During the time Vir worked on Sendit’s apps, he had access to insider information, such as which features drove the most user engagement and other future development plans, the lawsuit said. He had also signed a developer agreement, prohibiting him from using this information for any purpose other than his work with the Sendit apps, it says.
Rice believes Vir was never serious about the job offer at Iconic Hearts, the complaint continues, but instead used his ongoing access to build NGL, a copy of Sendit that launched on the App Store in late 2021 and already quickly became the App Store’s. No. 1 app in June 2022.
The submission explains how Vir had access to detailed app data and key performance indicators (KPIs) and other metrics designed to help the app succeed. Because of his relationship with Sendit, Vir requested and got access to all kinds of business data and metrics, such as click-through rates, conversion rates, which prompts performed best, how they were ordered to create virality, call-to-action button placement, financial performance , MRR (monthly recurring revenue), churn rate, LTV (lifetime value), statistics related to average response rates, number of shares, viral coefficients and much more.
One of these business details was Sendit’s use of fake questions. The company had previously denied using bots when londonbusinessblog.com asked.
Many users of Sendit and NGL’s apps already suspected that some of the questions they received weren’t actually from their friends, but were generated automatically. The app stores are full of user reviews claiming that these apps are fooling them and then ripping them off by charging for useless hints — like the ones that only share a user’s city or the type of phone they have.
londonbusinessblog.com also recently tested both NGL and Sendit’s anonymous Q&A system by generating a link for questions but then not showing it to anyone, and yet we still received half a dozen so-called “questions from friends” in our inboxes.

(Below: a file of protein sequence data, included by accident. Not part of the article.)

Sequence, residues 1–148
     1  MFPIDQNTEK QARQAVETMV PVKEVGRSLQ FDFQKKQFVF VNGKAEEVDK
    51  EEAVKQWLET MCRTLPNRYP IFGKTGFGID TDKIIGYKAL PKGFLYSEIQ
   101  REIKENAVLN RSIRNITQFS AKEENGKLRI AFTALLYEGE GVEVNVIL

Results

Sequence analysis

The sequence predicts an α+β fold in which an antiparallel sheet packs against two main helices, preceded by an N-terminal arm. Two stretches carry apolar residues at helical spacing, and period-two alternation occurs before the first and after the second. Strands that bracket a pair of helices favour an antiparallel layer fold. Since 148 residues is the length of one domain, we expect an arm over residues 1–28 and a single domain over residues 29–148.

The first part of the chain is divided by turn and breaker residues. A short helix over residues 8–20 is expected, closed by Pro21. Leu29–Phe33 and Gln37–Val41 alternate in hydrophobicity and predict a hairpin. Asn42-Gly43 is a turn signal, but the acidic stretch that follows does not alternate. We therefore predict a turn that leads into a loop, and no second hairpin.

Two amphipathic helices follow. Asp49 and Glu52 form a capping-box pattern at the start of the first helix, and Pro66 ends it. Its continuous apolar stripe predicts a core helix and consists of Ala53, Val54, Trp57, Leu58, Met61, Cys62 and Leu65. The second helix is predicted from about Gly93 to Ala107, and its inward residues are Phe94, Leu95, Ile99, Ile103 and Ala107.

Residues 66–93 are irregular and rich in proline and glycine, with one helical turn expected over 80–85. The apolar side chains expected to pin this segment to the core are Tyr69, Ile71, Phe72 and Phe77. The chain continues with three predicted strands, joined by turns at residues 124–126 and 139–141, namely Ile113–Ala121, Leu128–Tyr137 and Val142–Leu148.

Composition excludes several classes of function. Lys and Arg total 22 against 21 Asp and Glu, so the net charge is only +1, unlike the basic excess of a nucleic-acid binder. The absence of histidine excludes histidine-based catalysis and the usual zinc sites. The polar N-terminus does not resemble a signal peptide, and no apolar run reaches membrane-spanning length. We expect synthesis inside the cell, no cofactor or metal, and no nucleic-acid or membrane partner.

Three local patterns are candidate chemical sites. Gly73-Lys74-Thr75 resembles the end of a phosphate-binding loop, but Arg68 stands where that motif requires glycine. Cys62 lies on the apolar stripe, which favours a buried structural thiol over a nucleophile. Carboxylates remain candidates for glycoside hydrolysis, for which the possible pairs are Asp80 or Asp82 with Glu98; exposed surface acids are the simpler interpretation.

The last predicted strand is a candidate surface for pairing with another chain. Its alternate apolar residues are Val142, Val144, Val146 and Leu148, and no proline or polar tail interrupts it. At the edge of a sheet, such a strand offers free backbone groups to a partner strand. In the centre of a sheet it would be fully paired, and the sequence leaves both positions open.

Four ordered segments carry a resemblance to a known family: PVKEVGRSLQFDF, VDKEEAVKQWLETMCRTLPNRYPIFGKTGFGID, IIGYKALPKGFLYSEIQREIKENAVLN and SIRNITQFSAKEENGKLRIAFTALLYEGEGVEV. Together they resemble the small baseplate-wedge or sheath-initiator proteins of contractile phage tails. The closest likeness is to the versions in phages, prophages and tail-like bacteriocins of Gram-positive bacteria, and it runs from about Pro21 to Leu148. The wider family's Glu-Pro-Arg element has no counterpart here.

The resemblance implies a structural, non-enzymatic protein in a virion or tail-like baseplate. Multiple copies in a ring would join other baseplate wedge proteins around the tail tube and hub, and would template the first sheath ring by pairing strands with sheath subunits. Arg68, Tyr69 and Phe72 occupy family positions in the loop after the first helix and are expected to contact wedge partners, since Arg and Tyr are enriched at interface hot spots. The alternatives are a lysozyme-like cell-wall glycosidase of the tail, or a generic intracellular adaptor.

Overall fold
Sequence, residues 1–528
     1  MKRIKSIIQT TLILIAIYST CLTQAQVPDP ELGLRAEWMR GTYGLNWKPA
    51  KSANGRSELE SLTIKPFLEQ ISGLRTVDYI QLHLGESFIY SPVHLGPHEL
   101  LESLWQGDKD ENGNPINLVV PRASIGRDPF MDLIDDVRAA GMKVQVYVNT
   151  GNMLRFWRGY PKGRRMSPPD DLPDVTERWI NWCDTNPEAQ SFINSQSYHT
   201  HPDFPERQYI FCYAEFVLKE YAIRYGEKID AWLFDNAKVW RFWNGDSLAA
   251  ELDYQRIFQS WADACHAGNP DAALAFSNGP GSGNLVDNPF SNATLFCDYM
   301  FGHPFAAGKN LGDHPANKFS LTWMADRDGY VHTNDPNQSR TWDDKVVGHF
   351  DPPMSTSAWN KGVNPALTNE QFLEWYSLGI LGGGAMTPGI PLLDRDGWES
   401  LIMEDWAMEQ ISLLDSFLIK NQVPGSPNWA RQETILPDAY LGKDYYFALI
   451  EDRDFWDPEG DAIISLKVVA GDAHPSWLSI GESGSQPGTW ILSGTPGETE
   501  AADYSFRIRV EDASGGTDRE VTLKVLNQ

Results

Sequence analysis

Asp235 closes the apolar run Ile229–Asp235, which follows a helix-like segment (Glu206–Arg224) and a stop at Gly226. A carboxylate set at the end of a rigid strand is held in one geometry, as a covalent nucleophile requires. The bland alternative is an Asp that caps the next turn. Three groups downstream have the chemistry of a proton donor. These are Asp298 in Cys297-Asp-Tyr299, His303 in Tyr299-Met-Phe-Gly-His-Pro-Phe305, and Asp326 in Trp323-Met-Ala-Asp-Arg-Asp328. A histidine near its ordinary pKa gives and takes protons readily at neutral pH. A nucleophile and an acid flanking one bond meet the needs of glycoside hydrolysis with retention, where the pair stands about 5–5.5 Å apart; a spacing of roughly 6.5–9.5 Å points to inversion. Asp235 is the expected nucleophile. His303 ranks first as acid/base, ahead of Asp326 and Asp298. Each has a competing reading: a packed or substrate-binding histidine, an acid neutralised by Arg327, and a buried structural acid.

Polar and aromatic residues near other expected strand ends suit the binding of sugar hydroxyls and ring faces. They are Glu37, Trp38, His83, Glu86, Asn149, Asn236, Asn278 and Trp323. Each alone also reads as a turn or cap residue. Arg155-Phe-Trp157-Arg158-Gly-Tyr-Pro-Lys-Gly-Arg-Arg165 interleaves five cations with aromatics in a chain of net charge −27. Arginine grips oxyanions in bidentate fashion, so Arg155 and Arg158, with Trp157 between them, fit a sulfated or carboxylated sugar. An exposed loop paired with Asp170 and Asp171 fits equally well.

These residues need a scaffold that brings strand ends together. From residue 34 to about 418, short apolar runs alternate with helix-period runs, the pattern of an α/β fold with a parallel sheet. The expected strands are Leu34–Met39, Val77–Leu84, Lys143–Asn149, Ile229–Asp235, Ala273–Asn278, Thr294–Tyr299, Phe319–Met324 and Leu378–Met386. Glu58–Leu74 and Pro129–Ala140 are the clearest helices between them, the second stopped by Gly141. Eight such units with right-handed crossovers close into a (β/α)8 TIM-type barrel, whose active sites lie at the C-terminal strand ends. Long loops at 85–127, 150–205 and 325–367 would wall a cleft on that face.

This feature is described in the new lawsuit as one of many aspects of Sendit’s apps that NGL supposedly stole. The complaint reads:
Iconic Hearts had also developed a unique system, “Engagement Messages,” which sends content to an inbox after user interactions had been inactive for a period of time. “Engagement Message” reactivates a user to use the app. This generates more “shares” on the app, more density within a user’s trend network (i.e. more people sharing more often), contributing to an app’s saturation, the most critical measure of success and growth. It took Iconic Hearts years of trial-and-error, testing and iteration of its product to optimize its own Engagement Messages System and various parts of it, such as the optimal time frame after which an Engagement Message should be sent, how the Engagement Message is pushed, the design of the Engagement Message and the content of the Engagement Message.
This section essentially confirms users’ suspicions about the fake questions. It now also puts a burden on the app stores to take action, we should think, as neither company reveals to its users that these “engagement messages” aren’t sent by their friends, as the app’s description would tell them. make believe.
Surprisingly, Iconic Hearts knew nothing of Vir’s betrayal until recently. Even in June 2022, Vir kept his involvement with NGL hidden, the indictment said. The lawsuit alleges that Vir finally admitted his involvement with Rice on June 21, 2022, saying, “Okay, I’ll clear the air. I lied to you the whole time. I build NGL,” and then, “Congratulations on being the lead product at NGL.”
Jacks, if it’s true.
Neither party has responded to our requests for comment at this time.
To what extent Iconic Hearts will be able to legally prove its claims remains to be seen. The charges seek damages and injunctive relief. The lawsuit also names dozens of unknown suspects who may be working or collaborating with NGL, which Iconic Hearts hopes the court will reveal and name.